The rain gear to bring is anything that has breathable fabric…all of the “tex’s” work the same. Be sure to wash it in Sport-Wash before the trip as that will allow it to be squeaky clean and breath. If you’re serious like me you can “top coat” it with Permanent Waterguard and be the driest guy in camp.

For foot wear bring ankle fit hip boots for fishing and leather hiking boots that you treated with Sno-Seal before you left home. Dry feet are a must. I carry mole-skin and a pair of extra socks when I’m on an overnight and change daily. Coming down the mountain will beat up your legs and feet more than climbing…go figure.

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Now that you have climbed a mountain let’s take a break and look at some of Alaska’s most stunning country… and for that you will need to drive 240 miles north of Anchorage and visit my old stomping ground in Denali National Park. When I worked there we had free shuttle buses that took you into the park but now the ride is $45-$55….but nice. The gravel roads are spooky and not having to watch for drop-offs allows you to spot game. We saw moose, Grizzlies,  wolves, caribou, Dall Sheep plus foxes and some little critters plus the best treat of all we had a blue-bird day and Mt. McKinley was out in all of its majesty. This mountain is special.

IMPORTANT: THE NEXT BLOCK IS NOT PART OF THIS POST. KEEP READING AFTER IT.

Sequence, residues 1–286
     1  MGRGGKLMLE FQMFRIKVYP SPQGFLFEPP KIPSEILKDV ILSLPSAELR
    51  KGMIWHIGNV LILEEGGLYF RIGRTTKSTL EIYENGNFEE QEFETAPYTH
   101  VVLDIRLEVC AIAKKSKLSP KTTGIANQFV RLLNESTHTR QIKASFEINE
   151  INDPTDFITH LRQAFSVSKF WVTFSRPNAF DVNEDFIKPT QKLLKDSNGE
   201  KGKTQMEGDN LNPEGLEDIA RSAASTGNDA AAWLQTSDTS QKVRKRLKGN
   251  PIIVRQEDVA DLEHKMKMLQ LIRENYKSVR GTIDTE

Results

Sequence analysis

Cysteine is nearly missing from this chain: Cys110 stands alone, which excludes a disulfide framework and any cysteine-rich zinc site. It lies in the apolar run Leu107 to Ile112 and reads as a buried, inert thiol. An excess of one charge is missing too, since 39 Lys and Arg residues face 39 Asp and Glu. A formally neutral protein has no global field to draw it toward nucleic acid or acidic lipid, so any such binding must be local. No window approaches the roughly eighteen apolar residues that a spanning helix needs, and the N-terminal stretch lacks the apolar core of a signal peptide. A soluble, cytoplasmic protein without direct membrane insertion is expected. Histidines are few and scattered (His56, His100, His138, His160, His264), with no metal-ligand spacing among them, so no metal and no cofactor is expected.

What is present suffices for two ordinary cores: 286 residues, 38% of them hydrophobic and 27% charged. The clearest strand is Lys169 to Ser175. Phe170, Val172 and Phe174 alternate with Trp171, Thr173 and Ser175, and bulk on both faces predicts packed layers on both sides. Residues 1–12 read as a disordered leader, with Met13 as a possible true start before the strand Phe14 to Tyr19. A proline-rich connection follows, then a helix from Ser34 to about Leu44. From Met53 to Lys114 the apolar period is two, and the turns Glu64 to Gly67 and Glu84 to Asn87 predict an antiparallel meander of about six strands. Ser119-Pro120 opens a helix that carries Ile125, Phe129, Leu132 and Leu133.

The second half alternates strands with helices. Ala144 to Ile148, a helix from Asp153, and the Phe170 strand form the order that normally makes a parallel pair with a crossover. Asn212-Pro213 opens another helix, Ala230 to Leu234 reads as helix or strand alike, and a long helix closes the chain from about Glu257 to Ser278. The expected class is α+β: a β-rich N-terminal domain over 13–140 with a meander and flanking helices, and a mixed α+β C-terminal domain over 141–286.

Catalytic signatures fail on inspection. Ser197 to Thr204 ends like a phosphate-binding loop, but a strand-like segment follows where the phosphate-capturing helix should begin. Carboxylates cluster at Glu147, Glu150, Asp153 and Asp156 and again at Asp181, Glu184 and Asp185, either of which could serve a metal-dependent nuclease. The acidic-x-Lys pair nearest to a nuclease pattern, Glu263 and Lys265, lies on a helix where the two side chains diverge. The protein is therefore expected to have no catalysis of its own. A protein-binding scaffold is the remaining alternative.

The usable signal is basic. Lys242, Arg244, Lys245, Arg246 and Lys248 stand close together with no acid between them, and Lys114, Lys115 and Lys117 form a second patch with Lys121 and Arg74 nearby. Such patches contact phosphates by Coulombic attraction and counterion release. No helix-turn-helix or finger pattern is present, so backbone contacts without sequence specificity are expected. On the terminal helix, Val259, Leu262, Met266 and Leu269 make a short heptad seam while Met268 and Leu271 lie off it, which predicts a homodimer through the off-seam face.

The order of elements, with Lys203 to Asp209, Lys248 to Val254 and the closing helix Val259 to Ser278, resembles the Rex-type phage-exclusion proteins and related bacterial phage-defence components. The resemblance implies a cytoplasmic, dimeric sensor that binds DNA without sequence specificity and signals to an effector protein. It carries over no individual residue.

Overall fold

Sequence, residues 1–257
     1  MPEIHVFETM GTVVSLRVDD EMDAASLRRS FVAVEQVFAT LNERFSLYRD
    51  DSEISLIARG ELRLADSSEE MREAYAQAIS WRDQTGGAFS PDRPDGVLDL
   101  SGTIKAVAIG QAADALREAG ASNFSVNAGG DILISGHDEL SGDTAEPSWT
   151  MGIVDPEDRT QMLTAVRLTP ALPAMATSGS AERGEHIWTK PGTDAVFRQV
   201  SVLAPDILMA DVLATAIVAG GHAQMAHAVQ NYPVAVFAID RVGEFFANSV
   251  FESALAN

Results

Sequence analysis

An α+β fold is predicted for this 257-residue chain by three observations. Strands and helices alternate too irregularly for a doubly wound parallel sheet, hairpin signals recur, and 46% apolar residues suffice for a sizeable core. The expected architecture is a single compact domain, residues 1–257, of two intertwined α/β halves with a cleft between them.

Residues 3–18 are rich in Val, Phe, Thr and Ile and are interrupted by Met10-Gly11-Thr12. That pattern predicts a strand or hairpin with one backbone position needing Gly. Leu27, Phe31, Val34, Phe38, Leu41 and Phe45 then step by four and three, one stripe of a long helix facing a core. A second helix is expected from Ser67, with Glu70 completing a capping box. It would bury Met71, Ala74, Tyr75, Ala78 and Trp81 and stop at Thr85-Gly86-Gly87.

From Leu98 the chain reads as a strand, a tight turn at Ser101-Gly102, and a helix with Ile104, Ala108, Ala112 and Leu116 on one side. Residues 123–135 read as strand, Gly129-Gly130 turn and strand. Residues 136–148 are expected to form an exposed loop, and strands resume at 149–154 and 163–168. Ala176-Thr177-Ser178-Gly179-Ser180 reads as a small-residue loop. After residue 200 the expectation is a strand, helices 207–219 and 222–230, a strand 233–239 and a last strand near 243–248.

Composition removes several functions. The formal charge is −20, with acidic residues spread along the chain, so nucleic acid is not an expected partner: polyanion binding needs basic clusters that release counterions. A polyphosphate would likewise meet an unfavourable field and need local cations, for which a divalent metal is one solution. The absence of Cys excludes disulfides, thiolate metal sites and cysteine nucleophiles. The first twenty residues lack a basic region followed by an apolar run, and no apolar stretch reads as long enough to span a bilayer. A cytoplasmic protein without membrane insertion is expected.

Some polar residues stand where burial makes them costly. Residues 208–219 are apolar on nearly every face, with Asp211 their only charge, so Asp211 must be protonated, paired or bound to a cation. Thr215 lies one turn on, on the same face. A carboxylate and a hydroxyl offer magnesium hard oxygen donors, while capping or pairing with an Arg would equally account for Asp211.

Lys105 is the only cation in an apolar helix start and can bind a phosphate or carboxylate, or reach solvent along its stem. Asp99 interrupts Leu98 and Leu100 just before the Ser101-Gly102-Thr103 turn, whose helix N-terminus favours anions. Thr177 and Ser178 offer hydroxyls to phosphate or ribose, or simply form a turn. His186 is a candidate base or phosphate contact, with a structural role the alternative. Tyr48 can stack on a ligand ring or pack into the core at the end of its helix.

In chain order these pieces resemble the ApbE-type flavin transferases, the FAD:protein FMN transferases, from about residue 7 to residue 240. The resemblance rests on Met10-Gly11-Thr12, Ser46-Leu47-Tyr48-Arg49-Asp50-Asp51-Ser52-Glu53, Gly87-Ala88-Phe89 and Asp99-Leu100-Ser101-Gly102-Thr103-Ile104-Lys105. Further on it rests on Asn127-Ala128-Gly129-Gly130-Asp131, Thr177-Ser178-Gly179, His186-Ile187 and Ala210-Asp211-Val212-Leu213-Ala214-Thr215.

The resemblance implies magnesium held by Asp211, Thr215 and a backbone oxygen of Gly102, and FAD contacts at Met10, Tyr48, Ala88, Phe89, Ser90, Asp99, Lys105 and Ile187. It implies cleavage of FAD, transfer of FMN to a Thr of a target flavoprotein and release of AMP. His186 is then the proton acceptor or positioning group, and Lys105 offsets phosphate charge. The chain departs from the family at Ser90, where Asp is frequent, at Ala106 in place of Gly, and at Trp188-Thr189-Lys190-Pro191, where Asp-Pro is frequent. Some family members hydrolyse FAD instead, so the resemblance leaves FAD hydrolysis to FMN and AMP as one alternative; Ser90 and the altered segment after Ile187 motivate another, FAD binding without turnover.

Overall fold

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Fourteen of the continents 20 highest peaks are in Alaska including McKinley, which is not only the most massive single mountain in the world but it also boasts the most vertical rise from base to summit of any mountain on earth. That means it is the biggest mountain to look at in the world. It has two summit peaks and the south peak is the tallest.

Denali from a distance.

Although we could plainly see it from over 200 miles away you need to drive to Denali Park and take the bus tour to Wonder Lake…where you’ll be only 18 miles from the mountain. It is visible only 10-15% of the time. It is so tall that the jet stream curls around it and jets detour around its dual summits which reach 20320 feet into the ice blue sky.

Denali from the park.

After you get incredible mountains out of your system it’s time to catch a fish or two. If you know someone with a boat you can go down on the Kenai Peninsula and fish for halibut. I’ve had an addiction to halibut fishing now since 1975 and it looks like I’ll never seek a cure. The meat is sooo tasty and the boneless filets are full size. The best thing about halibut fishing is that your next bite could be a 10-pounder or a 300-pounder. That tends to hold my attention.